That was fast.
Two tropical waves in the central and east Atlantic became better organized overnight Wednesday and by Thursday afternoon looked increasingly likely to become tropical depressions by the weekend and early next week. While the storms remain far from Florida and the U.S. coast, both are expected to encounter more favorable conditions in the coming days.
In their latest advisory, National Hurricane Center forecasters said the system in the central Atlantic, about 800 southwest of the Cabo Verde Islands, will likely gain steam as it moves into the tropical Atlantic. It’s now surrounded by moist air and encountering light wind shear. There’s a chance dry air could weaken it, but the steamy tropics could reverse that.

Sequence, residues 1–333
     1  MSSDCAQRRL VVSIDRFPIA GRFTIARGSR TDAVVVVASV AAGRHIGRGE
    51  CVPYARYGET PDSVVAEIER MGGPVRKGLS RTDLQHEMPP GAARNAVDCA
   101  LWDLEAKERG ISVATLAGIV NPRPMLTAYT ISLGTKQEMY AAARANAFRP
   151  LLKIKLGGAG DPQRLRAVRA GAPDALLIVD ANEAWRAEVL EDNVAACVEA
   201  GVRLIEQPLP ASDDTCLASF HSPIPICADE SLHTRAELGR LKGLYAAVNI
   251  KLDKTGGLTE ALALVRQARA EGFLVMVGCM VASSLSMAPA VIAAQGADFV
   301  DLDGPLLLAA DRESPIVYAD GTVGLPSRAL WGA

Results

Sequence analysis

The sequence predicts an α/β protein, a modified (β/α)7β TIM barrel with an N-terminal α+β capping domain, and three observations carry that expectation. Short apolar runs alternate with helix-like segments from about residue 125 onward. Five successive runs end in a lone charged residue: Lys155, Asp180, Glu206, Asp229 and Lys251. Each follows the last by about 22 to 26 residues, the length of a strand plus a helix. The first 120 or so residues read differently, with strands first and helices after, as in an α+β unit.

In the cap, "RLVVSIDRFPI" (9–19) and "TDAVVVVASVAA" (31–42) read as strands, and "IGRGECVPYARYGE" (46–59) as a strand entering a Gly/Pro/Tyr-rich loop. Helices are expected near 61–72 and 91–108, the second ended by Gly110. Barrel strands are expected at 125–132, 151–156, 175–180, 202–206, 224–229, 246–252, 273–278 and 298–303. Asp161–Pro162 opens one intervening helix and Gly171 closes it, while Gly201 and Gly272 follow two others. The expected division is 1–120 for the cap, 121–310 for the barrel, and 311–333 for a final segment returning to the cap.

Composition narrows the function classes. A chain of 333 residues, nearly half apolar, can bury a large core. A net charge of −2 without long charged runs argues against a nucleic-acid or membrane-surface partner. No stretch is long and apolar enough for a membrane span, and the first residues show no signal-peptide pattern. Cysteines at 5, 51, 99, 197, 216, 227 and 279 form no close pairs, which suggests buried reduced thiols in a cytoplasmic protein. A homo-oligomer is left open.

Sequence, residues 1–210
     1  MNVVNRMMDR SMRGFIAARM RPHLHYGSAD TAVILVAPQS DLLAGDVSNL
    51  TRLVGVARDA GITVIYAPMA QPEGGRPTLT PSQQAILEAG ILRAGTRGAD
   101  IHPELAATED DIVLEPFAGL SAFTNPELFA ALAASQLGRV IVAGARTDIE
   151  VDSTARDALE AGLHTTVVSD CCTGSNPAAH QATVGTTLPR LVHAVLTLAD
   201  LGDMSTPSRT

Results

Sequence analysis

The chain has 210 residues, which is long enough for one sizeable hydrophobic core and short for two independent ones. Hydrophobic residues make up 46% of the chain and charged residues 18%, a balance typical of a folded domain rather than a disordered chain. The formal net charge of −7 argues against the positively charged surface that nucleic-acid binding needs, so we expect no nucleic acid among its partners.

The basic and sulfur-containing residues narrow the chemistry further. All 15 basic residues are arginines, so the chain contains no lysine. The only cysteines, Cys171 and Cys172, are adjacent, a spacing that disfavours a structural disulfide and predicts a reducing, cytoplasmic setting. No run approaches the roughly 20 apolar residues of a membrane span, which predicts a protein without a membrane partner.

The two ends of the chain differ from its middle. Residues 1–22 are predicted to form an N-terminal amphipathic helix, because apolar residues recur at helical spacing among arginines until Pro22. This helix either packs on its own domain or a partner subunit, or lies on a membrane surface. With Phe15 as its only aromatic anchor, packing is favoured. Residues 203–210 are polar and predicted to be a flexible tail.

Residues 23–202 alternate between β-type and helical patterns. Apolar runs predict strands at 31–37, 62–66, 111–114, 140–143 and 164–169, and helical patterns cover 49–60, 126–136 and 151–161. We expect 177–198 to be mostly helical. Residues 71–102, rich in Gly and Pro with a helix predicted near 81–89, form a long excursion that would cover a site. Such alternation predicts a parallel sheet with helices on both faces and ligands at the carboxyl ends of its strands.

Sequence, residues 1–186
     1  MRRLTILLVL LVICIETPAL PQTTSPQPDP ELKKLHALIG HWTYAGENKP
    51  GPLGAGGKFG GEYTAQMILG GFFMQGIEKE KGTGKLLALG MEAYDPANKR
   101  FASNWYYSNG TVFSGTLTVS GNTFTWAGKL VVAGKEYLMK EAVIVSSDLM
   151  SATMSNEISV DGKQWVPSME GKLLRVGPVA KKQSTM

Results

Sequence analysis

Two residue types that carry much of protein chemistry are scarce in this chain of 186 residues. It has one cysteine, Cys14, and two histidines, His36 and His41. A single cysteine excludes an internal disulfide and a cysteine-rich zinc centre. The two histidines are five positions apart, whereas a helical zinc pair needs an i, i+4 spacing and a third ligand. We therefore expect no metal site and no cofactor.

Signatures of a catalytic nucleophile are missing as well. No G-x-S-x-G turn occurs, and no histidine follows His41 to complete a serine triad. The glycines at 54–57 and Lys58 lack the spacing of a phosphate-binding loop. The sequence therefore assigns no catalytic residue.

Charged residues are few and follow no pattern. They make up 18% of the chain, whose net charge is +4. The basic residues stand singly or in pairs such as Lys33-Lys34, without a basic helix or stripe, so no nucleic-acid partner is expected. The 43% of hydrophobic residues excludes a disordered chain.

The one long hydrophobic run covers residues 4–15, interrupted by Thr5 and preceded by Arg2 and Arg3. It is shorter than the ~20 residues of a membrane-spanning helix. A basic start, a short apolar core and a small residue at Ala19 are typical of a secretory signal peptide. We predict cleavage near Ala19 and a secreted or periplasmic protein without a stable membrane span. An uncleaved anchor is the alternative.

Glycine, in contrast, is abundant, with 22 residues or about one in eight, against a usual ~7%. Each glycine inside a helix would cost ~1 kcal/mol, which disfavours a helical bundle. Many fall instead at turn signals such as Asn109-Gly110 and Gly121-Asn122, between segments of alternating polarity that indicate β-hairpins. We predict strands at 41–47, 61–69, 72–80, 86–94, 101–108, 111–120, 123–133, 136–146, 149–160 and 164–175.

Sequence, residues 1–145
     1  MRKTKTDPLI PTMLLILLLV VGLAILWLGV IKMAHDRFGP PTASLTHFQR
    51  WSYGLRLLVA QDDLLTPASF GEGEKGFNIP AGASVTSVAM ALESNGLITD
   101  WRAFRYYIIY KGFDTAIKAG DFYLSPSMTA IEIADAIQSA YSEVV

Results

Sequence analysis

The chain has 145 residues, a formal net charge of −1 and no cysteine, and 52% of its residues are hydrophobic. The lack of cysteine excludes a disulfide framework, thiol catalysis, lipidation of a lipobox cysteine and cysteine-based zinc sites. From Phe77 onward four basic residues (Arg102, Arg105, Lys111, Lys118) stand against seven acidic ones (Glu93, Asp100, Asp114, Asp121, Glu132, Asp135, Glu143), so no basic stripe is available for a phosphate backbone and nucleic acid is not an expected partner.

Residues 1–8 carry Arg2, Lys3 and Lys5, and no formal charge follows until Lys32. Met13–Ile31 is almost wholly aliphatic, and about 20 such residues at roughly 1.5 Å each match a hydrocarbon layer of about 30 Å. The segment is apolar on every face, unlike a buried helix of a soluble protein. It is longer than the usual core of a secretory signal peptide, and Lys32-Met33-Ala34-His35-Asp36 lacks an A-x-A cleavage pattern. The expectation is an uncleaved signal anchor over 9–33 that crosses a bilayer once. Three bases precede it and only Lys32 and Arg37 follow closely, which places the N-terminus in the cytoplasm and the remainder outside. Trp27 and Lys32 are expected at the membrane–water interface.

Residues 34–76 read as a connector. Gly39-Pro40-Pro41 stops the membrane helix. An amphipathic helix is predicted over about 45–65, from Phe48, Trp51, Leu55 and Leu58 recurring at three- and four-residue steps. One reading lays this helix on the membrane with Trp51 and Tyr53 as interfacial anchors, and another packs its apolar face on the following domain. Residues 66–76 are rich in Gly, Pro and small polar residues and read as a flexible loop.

If it forms next week as expected, the system would be named Maria.
While further east, the second system appears better organized and more likely to form faster. Over the next two days, forecasters gave the system now south of the Cabo Verde Islands a 60 percent chance of forming and possibly becoming Tropical Storm Lee.
Coming on the heels of Irma, the systems serve as a grim reminder that hurricane season is far from over. Irma struck Cudjoe Key Sunday, the statistical peak of the hurricane season. On Wednesday morning, the coast looked clear. But by late Wednesday and early Thursday, forecasters began warning that cyclone conditions were beginning to look more ripe.
Forecasters also continue to watch Tropical Storm Jose, which weakened overnight but will likely regain intensity and become a hurricane again by the weekend. The storm, located 435 miles east-northeast of the southern Bahamas, is expected to turn toward the northwest, but it’s not currently expected to generate any dangerous conditions in the U.S.
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